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This page is for collecting feedback from Wiktionary readers. It should be cleaned out on a three-month basis, as new comments are constantly being added. Feel free to reply to and discuss comments here, though bear in mind that the people who leave the feedback may never come back to read replies. By convention, the feedback is not archived.

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March 2018[edit]

Request: linking to specific definitions[edit]

For example, suppose I want to refer to the specific definition of nut as a perforated block usually of metal that has an internal screw thread and is used on a bolt or screw.

This is the 3rd definition on the page http://www.merriam-webster.com/dictionary/nut, but Merriam-Webster only allows linking to the page, not a specific meaning. Wiktionary allows linking to sections in a page, so we can link to Noun or Verb forms for example, but that's still too coarse for this scenario.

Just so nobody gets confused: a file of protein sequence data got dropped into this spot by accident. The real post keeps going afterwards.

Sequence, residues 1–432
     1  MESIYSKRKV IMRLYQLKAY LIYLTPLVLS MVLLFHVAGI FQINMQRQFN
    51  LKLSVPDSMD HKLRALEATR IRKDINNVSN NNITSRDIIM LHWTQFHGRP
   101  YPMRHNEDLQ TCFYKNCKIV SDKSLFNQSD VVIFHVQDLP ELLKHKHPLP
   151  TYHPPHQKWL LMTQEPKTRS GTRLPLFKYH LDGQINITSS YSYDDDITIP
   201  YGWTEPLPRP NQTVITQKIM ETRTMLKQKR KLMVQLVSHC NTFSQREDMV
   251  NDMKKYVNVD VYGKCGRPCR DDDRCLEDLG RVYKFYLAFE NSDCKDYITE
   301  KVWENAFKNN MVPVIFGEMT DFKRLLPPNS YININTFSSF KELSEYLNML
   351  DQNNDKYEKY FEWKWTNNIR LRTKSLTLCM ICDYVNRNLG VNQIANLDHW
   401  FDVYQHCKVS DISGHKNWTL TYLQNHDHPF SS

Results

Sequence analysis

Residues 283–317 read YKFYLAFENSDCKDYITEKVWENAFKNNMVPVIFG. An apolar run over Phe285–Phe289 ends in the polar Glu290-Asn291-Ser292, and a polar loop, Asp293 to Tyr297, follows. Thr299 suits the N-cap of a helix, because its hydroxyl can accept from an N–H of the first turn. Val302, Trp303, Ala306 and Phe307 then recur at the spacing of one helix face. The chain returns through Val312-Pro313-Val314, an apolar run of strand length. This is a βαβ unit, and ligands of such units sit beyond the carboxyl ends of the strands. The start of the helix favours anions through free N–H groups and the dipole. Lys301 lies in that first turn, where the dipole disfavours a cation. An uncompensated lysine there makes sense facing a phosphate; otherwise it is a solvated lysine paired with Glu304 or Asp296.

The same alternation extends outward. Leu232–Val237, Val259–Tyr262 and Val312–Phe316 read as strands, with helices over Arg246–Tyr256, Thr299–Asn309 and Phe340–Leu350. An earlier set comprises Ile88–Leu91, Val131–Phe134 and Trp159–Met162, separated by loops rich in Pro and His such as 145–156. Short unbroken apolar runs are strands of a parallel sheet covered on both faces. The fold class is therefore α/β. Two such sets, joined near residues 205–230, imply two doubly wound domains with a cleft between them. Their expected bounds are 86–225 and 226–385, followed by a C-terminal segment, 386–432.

From https://softwarerecs.stackexchange.com/questions/48918/an-online-dictionary-that-allows-linking-to-a-single-specific-definition-of-a-wo/

We can already do that with senseids. See {{senseid}}. —Μετάknowledgediscuss/deeds 21:54, 7 March 2018 (UTC)

Jew World Order[edit]

seriously you're gonna leave this entry on the web? disgusting.

This is a dictionary. We simply document words. --Per utramque cavernam (talk) 13:54, 9 March 2018 (UTC)
Why not? I wouldn't have known what it meant at all if it wasn't for the dictionary. In other words, I wouldn't have even known if people were insulting me with it. JamesjiaoTC 00:20, 6 April 2018 (UTC)

Wiktionary:Main Page[edit]